Research Papers in Physics and Astronomy


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Published at arXiv:physics/0311060v1. Used by permission.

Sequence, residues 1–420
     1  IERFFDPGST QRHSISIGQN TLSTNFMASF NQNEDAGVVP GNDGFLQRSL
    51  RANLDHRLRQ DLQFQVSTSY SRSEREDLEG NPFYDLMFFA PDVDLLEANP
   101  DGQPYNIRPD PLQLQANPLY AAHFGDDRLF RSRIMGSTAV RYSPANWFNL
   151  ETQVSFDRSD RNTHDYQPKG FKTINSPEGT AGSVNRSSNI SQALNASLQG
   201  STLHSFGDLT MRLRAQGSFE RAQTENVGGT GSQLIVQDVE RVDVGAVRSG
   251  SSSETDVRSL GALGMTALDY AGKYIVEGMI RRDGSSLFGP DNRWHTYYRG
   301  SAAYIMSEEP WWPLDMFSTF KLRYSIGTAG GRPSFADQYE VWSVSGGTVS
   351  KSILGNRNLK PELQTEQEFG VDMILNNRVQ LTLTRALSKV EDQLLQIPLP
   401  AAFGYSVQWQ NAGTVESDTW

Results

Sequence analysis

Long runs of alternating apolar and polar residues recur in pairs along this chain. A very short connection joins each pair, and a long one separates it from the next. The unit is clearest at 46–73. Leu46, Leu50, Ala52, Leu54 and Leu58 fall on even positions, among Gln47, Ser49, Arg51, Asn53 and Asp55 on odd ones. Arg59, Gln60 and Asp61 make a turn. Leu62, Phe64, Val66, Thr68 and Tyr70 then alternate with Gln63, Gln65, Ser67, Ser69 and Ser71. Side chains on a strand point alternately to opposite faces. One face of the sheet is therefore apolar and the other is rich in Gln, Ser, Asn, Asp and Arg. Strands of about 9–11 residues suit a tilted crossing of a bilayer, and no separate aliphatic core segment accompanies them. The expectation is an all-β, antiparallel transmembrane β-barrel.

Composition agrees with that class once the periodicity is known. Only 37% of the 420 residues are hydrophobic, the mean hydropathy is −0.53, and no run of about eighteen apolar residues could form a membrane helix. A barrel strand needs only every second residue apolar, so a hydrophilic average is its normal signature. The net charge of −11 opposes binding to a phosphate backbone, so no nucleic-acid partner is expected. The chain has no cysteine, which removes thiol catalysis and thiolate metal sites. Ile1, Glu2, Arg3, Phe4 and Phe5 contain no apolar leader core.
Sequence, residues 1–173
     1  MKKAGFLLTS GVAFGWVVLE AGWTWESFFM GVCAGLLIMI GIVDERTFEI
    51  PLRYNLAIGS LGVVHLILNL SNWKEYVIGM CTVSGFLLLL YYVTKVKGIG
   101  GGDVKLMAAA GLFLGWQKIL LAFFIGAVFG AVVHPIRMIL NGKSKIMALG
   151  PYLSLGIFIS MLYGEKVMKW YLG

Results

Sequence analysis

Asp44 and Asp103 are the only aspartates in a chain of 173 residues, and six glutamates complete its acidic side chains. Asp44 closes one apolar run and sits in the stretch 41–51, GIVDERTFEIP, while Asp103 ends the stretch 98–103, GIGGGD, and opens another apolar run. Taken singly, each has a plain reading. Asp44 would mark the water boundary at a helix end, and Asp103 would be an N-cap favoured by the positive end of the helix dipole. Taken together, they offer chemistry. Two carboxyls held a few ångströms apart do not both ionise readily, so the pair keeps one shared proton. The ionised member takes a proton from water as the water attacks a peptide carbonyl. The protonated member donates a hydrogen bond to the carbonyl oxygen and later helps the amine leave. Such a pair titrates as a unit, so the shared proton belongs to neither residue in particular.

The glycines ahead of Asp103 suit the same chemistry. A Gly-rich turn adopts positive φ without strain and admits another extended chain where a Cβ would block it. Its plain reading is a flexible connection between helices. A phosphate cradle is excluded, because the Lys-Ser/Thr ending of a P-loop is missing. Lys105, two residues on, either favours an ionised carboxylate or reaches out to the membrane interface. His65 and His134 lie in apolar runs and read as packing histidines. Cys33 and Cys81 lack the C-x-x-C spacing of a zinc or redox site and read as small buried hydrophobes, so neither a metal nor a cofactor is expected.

The Cosmic Ray Observatory Project (CROP) at University of Nebraska/Lincoln and the Washington Area Large-scale Time coincidence Array (WALTA) at University of Washington/Seattle are among several outreach projects siting cosmic-ray detectors at local high schools in cities around North America, to study the origins and interactions of highenergy cosmic rays. In a collaboration between QuarkNet, the outreach program based at Fermilab, CROP, and WALTA, a low-cost data acquisition electronics card has been developed to collect and synchronize the data from each detector site. The cost for each card is under US$500 for parts, functionally replacing much more expensive electronics crates and modules at each high school site. The card has 4 analog discriminator inputs for photo-multiplier tube signals, a 4-channel Time-to-Digital converter for local coincidence and time-over-threshold measurements at 0.75 ns resolution, programmable trigger logic via a CPLD and microcontroller, and a built-in low-cost GPS receiver/antenna module (via external cable) to provide event trigger time stamps at better than 100 ns accuracy. Temperature sensors and a barometer are also integrated to record environmental data along with the counter data. The card connects to any PC or laptop via a standard RS-232 serial port for data output and control. The microcontroller and CPLD are field programmable and therefore make the card functionality flexible and easy to upgrade.

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